Crossposted on CBS Sacramento

Balancing the budget of one of the largest economies in the world isn’t easy. There’s absolutely nothing you can do that won’t outrage a significant part of the electorate. That’s why Governor Brown is smart to protect his friends—teachers and government employee unions—in his latest budget proposal.

Those groups effectually run state government after funding the elections of Brown and the Democratic majority in the Legislature. They’re also the groups the Governor needs to fund his tax hike in November, which is why it is no surprise they are the only groups happy with his proposal.

K-12 education actually gets an increase in spending. SEIU President Yvonne Walker says she looks forward to negotiating the state worker cuts (with the very same elected officials she helped put into office–how nice). And according to public employee labor lawyer Tim Yeung the Governor’s Mini-Me furlough plan “(is) fairly union-friendly.” (via Jon Ortiz, Sacramento Bee).

Who’s not happy with his proposal? Those he doesn’t need for his tax hike campaign. Business owners and job-creators. College students. The poor, sick, and elderly and everyone else who has a lousy lobby in Sacramento.

To be fair, there are no good choices for the Governor. He inherited a huge shortfall and the state is still recovering from the worst economy since the Great Depression. And, after four years of constant budget deficits, the cupboard is pretty much bare on cuts and gimmicks. He doesn’t have the luxury of, say, pushing the June 30 payroll to July 1 and into the next fiscal year.

But he didn’t help himself by deciding early in his term that he was not going to talk to Republicans, eliminating a Legislative tax hike from the table. My old boss, Governor Schwarzenegger, was certainly guilty of signing budgets that papered over the problem, but unlike Brown he wasn’t a partisan working with a Legislature run by his own party. Brown should be able to get a better deal from the Legislature than we did.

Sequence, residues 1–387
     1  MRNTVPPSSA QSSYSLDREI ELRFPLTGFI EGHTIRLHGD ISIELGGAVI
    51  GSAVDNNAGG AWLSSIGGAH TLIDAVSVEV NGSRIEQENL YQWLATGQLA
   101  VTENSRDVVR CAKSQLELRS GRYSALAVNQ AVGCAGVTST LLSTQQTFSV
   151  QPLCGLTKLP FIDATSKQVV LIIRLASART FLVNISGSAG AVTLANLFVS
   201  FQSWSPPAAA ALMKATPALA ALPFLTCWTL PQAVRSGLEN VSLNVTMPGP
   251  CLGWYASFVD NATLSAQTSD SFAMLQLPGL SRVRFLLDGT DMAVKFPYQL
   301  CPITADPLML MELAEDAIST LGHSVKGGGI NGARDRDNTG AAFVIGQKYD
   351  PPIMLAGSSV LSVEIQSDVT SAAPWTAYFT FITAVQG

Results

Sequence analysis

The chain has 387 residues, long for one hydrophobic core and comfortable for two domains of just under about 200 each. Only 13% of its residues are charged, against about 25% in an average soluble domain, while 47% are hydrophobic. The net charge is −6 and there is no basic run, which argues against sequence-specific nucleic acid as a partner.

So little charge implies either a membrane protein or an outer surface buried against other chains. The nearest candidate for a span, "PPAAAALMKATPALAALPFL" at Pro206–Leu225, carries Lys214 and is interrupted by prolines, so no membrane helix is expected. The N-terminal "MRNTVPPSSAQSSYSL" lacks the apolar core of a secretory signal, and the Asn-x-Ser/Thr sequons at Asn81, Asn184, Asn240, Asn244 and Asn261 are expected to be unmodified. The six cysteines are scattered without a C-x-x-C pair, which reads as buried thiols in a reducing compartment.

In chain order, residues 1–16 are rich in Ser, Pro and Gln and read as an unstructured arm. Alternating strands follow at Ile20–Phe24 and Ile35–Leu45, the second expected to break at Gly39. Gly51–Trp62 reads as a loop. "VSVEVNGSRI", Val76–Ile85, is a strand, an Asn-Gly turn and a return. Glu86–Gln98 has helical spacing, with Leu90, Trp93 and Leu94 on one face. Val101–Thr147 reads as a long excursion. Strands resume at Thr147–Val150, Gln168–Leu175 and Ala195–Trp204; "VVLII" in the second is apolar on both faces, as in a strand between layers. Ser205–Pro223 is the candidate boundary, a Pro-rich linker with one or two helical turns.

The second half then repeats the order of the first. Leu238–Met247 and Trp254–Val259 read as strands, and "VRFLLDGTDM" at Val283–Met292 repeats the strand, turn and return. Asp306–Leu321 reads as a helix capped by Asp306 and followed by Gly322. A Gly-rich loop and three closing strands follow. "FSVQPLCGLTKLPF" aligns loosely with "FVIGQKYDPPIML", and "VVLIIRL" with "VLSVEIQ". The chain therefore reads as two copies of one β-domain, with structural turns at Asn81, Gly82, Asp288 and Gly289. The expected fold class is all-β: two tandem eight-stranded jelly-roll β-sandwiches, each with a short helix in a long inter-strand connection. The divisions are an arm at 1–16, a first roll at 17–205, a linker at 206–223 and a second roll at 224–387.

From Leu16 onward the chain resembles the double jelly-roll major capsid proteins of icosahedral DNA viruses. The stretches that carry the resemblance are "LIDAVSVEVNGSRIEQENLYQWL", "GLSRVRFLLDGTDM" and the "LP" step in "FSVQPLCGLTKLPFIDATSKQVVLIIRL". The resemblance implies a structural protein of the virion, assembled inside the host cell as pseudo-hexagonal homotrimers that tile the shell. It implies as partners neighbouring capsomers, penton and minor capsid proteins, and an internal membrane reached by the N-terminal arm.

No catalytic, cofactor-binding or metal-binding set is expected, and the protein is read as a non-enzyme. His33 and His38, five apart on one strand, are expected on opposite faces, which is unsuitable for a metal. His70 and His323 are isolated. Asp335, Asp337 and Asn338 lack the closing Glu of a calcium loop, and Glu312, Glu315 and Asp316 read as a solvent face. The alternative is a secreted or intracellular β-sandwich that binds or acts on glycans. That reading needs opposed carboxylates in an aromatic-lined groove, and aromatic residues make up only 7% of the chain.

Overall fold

Brown’s current plan is a re-run of his plan from last year that didn’t work: Hope high-income earners have really good years. He may believe that is good politics but it is horrible policy, as we saw over the past year, when his rosy projections fell short by nearly $16 billion and the state pulled less than half of the coinciding trigger cuts.

Brown has spent a year and a half doing very little outside of pushing for a tax increase. It is a totally valid solution to our fiscal mess, but absolutely pointless without pension, regulatory, budget, or tax reforms attached to it. Pouring billions more into a broken system won’t solve anything.

Schwarzenegger may have signed flimsy budgets, but at least he always won reforms in the process in an attempt to stabilize our long-term finances and stimulate economic growth.

The Governor may be keeping his friends happy with this plan, and that very well could prove smart in November. But he’s not doing anything to fix our current or long-term economic woes.